3.5 Stars, Audio Book, BDSM/Kink/Erotica, Dreamspinner Press, Genre Romance, Mickie B. Ashling, Narration Rating - 3.5 Stars, Reviewed by Amy

Audio Review: Cutting Cords by Mickie B. Ashling – Narrated by John Solo

Title: Cutting Cords

Author: Mickie B. Ashling

Narrator: John Solo

Publisher: Dreamspinner Press

Run Time: 6 hours 44 minutes

At a Glance:  I enjoyed this for its narration more than for its core story.

Reviewed By: Amy

Blurb: When Sloan Driscoll and Cole Fujiwara become reluctant roommates, neither man is willing to share too much. Sloan is instantly attracted to Cole but knows it’s a hopeless cause; Cole has a steady girlfriend. But one night they share a joint, and Cole opens a window neither anticipated.

A relationship may be impossible—both men are living with heart-breaking secrets. While Sloan is smart, sassy, and a brilliant graphic artist, he’s also a pothead with severe body image problems. Cole, a former major league pitcher, has his own personal crisis: he’s going blind. Sloan and Cole are suffering on so many levels, they might not realize that the ultimate salvation could be within each other’s arms.


Review:  There was truly a love/hate relationship for me with this story and its main characters. Sloan Driscoll was a loveable and damaged man you couldn’t help but want to wrap up and take care of, but I didn’t necessary like Cole Fujiwara that much… I sympathized with his plight but didn’t quite understand his insistence to not share his blindness. Mickie B. Ashling did a great job of making me understand, and in general I really enjoyed her writing, but what I didn’t enjoy was simple: the love story never progressed. Sloan and Cole had sex, and then they argued. Then Cole was almost abusive. Then this pattern cycled over and over, and you never actually witness the two characters falling in love.

I didn’t hate this book, really, I just wish there was more relationship development. The other thing that threw me off was that BDSM was introduced almost as an afterthought, and there was no lead up or anything. Sloan hooks up with a photographer, and suddenly, he is in this world and I felt it had no relationship to the story.

Narration: John Solo is a new narrator to me. He had kind of a weird rasp to his voice that I could take or leave. He did a wonderful job with the narration, though. His voice is just not my cuppa. He did make an average read better, though, and I would listen to his narration again.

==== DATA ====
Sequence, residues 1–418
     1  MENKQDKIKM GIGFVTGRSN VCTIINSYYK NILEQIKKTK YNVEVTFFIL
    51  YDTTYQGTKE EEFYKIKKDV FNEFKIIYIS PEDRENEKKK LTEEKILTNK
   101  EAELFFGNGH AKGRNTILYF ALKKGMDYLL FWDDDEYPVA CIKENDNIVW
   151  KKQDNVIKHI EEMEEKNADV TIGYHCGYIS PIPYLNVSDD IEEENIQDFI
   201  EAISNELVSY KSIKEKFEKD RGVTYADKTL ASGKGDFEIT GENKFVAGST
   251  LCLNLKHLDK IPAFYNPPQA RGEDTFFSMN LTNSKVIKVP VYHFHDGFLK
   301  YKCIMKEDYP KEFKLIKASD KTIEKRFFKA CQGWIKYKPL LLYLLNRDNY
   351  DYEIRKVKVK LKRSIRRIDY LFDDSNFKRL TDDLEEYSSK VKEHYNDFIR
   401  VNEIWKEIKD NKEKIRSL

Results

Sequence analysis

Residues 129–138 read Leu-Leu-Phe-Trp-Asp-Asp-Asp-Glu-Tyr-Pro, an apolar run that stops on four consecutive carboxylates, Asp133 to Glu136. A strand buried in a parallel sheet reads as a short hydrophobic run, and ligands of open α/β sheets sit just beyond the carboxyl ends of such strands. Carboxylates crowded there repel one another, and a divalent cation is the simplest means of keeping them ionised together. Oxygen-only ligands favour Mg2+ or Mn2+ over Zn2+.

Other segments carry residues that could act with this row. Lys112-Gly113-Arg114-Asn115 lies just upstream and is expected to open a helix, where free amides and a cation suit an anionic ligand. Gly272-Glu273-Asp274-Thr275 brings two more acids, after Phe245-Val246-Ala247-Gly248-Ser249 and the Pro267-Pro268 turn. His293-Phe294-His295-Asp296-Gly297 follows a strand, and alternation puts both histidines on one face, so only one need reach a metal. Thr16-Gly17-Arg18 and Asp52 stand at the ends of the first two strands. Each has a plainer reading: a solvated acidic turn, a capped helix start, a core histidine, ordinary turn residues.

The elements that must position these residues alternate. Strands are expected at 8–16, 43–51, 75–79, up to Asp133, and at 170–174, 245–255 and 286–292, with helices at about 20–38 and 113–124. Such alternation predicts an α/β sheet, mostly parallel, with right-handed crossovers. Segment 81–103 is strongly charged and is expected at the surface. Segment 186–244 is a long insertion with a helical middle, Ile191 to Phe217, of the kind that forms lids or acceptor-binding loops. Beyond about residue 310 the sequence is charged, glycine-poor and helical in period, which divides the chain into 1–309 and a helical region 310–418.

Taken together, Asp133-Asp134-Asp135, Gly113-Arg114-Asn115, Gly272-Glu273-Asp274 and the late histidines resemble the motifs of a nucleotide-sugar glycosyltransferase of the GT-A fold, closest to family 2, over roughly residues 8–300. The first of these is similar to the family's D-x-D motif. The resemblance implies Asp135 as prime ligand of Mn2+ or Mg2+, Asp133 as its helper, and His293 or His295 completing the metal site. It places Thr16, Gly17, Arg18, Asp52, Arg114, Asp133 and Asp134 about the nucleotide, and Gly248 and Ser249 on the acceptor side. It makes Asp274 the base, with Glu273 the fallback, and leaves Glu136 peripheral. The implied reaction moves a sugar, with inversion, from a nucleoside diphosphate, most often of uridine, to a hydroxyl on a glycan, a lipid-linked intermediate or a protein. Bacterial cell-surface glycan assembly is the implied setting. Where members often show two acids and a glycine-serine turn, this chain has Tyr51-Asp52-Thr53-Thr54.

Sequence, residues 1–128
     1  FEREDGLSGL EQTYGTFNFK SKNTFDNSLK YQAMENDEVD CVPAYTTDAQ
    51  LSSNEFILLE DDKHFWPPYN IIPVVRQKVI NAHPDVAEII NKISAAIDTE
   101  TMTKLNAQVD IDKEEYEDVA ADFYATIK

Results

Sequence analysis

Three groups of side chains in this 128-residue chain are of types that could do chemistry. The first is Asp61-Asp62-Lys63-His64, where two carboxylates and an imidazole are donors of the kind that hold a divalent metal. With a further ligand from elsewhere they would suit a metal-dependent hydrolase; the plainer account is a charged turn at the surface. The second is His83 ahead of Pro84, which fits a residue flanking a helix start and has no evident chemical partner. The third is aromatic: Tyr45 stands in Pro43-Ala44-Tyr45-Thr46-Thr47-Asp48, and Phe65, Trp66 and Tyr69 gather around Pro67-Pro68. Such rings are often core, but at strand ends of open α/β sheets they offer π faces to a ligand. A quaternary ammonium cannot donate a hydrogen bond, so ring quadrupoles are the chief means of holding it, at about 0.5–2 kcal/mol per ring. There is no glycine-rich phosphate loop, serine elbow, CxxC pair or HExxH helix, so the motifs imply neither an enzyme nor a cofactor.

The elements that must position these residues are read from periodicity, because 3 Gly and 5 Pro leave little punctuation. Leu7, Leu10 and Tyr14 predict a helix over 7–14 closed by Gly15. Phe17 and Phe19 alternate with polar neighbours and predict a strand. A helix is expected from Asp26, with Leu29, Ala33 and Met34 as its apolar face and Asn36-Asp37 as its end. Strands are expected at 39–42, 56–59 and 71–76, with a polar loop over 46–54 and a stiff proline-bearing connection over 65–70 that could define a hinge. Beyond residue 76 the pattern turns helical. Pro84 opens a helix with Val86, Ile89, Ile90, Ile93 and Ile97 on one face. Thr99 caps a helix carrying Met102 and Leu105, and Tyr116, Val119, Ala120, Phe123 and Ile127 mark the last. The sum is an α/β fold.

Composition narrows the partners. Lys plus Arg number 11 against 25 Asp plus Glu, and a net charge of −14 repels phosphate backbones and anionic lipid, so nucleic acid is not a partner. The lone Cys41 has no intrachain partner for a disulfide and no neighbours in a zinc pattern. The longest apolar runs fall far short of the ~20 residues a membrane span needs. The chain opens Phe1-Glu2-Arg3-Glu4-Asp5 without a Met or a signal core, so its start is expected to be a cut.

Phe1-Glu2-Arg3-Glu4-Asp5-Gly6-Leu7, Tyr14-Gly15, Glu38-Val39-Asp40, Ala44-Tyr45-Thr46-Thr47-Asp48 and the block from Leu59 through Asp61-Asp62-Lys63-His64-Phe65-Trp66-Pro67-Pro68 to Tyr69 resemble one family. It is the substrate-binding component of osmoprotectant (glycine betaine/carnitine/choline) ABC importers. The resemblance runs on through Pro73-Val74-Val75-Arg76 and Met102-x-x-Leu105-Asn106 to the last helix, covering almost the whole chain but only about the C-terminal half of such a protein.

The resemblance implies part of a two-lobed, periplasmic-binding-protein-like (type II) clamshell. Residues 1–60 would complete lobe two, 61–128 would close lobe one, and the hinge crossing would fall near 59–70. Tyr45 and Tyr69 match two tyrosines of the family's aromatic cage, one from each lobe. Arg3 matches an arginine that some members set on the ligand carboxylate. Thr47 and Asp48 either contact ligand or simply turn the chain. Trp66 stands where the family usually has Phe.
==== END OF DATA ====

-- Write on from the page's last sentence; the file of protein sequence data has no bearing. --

You can buy Cutting Cords here:



3.5 Stars, Andrew Grey, Audio Book, Dreamspinner Press, Genre Romance, Narration Rating - 3.5 Stars, Reviewed by Karen

Audio Review: Fire and Ice by Andrew Grey – Narrated by Randy Fuller

Title:  Fire and Ice (Carlisle Cops: Book Two) 

Author:  Andrew Grey

Narrator:  Randy Fuller

Publisher:  Dreamspinner Press

Run Time:  7 hours and 14 minutes

At a Glance:  Listening to the audio, I felt disconnected from the story, and it just fell a little flat for me.

Reviewed By:  Karen

Blurb:  Carter Schunk is a dedicated police officer with a difficult past and a big heart. When he’s called to a domestic disturbance, he finds a fatally injured woman, and a child, Alex, who is in desperate need of care. Child Services is called, and the last man on earth Carter wants to see walks through the door. Carter had a fling with Donald a year ago and found him as cold as ice since it ended.
Donald (Ice) Ickle has had a hard life he shares with no one, and he’s closed his heart to all. It’s partly to keep himself from getting hurt and partly the way he deals with a job he’s good at, because he does what needs to be done without getting emotionally involved. When he meets Carter again, he maintains his usual distance, but Carter gets under his skin, and against his better judgment, Donald lets Carter guilt him into taking Alex when there isn’t other foster care available. Carter even offers to help care for the boy.
Donald has a past he doesn’t want to discuss with anyone, least of all Carter, who has his own past he’d just as soon keep to himself. But it’s Alex’s secrets that could either pull them together or rip them apart—secrets the boy isn’t able to tell them and yet could be the key to happiness for all of them.